Summer, Activities, Risk Management
Summer ops can add to your revenue stream, but they are not care-free.
Summer activities were a hot subject even before this past winter reminded resorts of the advantages of diversification. They are sure to become even higher priority now, with added impetus in the West coming from the passage of the Summer Operations bill last fall.
With the growth of summer operations, though, comes the need for renewed attention to risk management. Every activity carries some level of liability risk. This means that resorts must pay attention to the state of care and best practices in any summer activity they plan to offer.
Ropes Courses and Canopy ToursAll this was visible at the convention of the Association of Challenge Course Technology (ACCT) in Boston last February. ACCT seeks to be the primary source of information and standards-writing for ropes courses, canopy tours, and ziplines. Tours and ziplines are “a whole new world,” as Richard Donahue, senior VP for claims and loss control at Willis Programs, says, and there are no official standards regarding their construction and operation. Many businesses are following the draft ACCT standard, which Donahue calls “a step in the right direction.” Those guidelines cover installation, site selection, personal protection systems, inspection standards and processes, and operational standards, include management and staff competencies.
Donahue notes that, as in skiing and riding, inherent risk laws provide some protection for summer attractions. The laws governing some amusement/ adventure park activities include similar provisions and language. There are ASTM regulations that put some burden on users, too.
As in ski statutes, some state laws require posting of the statute of limitations. And they typically describe the appropriate signage and language for summer attractions. “The communication to guests can get quite specific,” Donahue says. In moving into summer ops, resorts should fully explore the requirements for guest protection and communication.
For some activities, organizations such as ASTM spell out requirements for builders, designers, operators, riders, and others, written in similar language to the ANSI standards resorts are familiar with.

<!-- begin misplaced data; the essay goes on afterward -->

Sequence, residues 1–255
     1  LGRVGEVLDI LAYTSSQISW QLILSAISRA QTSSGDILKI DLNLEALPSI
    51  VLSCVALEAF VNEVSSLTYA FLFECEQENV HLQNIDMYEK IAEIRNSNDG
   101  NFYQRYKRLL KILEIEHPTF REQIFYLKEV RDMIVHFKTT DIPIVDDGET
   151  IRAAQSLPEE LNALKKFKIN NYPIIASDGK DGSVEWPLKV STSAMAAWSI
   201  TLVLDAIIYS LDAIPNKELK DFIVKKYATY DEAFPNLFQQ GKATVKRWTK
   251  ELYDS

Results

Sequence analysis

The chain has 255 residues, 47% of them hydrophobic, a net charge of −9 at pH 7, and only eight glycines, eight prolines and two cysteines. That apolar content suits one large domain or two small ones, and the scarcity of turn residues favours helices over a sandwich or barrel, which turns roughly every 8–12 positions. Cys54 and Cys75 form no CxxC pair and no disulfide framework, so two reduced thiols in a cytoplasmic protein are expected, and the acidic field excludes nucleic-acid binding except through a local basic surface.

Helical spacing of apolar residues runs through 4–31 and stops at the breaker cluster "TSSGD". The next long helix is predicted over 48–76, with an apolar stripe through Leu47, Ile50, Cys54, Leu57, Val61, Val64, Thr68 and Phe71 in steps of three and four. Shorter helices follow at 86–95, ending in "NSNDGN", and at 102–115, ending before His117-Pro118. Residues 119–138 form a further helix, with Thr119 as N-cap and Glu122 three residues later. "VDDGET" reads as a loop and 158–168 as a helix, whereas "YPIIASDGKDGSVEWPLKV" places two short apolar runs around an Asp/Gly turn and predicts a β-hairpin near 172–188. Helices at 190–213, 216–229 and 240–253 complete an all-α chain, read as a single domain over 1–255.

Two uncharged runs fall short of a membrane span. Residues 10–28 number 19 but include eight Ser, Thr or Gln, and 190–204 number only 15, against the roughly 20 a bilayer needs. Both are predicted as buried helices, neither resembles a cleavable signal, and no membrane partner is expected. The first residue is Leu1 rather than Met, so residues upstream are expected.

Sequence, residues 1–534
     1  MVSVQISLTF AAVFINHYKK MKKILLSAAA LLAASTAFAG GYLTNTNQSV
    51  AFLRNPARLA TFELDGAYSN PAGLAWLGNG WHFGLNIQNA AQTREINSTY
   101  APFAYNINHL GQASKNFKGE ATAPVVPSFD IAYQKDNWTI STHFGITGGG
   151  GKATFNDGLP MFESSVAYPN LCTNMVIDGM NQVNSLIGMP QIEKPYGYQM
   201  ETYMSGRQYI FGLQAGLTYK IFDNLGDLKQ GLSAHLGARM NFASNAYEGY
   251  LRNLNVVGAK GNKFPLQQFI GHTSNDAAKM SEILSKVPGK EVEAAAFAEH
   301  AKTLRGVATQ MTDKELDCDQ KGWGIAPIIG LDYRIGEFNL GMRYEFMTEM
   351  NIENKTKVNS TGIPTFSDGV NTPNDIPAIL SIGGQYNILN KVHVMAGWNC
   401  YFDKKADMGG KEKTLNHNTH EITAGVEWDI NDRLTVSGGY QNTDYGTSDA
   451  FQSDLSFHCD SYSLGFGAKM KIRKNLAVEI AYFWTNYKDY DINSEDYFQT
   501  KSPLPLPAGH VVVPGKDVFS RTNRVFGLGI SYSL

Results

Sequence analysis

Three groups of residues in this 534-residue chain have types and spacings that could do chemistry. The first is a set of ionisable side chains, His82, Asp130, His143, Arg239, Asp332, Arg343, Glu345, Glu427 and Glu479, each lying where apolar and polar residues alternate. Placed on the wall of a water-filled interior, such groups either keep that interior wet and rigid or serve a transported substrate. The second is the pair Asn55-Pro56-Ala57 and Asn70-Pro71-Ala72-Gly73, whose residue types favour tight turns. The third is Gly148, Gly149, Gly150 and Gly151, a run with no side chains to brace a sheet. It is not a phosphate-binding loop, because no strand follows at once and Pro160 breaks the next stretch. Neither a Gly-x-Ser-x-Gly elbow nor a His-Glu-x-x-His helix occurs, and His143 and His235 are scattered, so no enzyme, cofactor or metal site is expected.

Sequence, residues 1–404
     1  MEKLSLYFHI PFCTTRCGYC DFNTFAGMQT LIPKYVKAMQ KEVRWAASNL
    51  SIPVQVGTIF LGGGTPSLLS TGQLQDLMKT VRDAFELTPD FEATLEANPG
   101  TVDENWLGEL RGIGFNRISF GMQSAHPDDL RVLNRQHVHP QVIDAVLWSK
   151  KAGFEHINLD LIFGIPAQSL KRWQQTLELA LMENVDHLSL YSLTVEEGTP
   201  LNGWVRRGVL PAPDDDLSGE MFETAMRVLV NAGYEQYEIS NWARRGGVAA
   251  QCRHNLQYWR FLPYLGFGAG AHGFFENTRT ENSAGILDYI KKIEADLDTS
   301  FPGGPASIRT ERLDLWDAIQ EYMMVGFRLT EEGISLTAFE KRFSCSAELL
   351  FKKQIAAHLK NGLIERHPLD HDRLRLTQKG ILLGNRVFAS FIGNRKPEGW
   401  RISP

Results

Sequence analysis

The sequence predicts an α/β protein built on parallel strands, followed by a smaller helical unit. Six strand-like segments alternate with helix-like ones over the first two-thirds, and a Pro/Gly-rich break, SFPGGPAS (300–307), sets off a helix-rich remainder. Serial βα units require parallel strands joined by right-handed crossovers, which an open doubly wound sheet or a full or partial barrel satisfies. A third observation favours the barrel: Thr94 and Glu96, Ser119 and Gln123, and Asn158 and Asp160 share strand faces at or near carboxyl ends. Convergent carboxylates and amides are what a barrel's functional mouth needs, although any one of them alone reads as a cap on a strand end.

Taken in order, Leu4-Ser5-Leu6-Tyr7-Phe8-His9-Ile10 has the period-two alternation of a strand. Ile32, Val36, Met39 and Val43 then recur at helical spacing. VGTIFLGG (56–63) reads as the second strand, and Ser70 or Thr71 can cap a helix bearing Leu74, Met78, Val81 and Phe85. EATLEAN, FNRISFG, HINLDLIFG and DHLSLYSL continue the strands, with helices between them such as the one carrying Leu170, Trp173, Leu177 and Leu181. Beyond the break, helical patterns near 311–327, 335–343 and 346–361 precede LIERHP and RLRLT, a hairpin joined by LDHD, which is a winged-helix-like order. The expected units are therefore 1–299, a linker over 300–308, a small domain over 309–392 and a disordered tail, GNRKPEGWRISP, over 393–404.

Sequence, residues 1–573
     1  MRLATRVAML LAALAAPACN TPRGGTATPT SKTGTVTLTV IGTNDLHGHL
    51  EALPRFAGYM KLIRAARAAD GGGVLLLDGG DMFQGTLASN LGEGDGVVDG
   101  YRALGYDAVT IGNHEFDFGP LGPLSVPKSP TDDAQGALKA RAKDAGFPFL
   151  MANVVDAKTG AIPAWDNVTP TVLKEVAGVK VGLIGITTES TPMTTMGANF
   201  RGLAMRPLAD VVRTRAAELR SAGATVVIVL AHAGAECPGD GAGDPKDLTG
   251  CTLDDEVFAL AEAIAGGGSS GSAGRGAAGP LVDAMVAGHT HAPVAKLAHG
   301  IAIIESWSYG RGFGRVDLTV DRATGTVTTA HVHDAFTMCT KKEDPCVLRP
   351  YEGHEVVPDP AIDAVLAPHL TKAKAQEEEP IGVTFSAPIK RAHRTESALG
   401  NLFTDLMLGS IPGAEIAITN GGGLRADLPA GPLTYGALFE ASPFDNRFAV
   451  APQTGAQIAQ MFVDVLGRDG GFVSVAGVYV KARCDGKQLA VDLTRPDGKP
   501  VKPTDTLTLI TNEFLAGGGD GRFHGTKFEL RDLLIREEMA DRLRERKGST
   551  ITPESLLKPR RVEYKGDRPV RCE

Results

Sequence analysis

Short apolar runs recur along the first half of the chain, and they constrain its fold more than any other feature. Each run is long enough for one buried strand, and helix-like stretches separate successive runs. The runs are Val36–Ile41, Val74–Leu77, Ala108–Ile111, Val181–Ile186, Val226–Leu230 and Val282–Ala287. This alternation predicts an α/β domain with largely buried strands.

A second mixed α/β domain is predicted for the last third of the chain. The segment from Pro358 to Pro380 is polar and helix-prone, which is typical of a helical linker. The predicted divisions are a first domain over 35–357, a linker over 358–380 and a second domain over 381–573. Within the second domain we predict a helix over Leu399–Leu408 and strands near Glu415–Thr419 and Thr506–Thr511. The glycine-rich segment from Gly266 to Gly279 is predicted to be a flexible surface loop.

“Participants have to act responsibly and accept the risks,” says Donahue, “but as usual, the devil is in the details.” Each state defines amusements in slightly different terms, and each has its own specific requirements and regulations.
There are also some key differences between winter and summer activities, and those differences require attention. One general maxim of risk management is that, in general, “the more you direct and control the fate of the patron, the more likely you are to be held responsible to keep them safe,” Donahue notes.
The Value of WaiversLiability waivers are often a key element in managing risk—to the extent that they are acknowledged and accepted in a particular state. “That’s a key component of the program for risk management purposes,” says Donahue.
The key phrases don’t really change much, he says, but the risks must be described and spelled out appropriately. And that varies by activities, whether they are coasters, bungee trampolines, water parks, or ziplines.
Plus, waivers have to reflect the way you sell tickets. This can pose a challenge for resorts that host a range of summer activities. Ideally, a liability waiver relates to a specific activity—or, if a resort sells an all-inclusive day or summer pass, relates to the risks of all the activities accessible with the pass. The waiver must comply with state laws, too.
It’s also important to know whether your state allows parents to waive kids’ rights; some do, some don’t.
Finally, make sure you have a good system for storing and retrieving waivers. One way is to go electronic; the options for this are expanding (see EZWaiver, page 54, for one).
Beware, PioneersDonahue encourages resorts to do their homework before diving into summer operations. When it comes to new activities such as ziplines, he says, it’s not necessary to be the first to have them, “but to be first with a good layout and management plan.” He cites Perfect North Slopes and its careful entry into snow tubing as an example. The area studied the market, learned from the missteps of the early adopters, and then created one of the best tubing parks anywhere.
“We could see something similar with ziplines,” he says. He urges resorts to bring in outside expertise, and to make sure the experts are truly that. “A lot of companies are trying to get in and cash in on this new thing,” he says. “You have to do due diligence, check referrals and make sure all suppliers have insurance, as with any other major investment.” Aside from their expertise, solid suppliers will share responsibility in case of an accident.
So go ahead and investigate the benefits of summer ops. Just remember to consider all the ramifications of taking the plunge.
To learn more about summer opportunities, check out SAM’s Summer Ops Camp at The Canyons— go to www.saminfo.com/summer-ops-camp/register.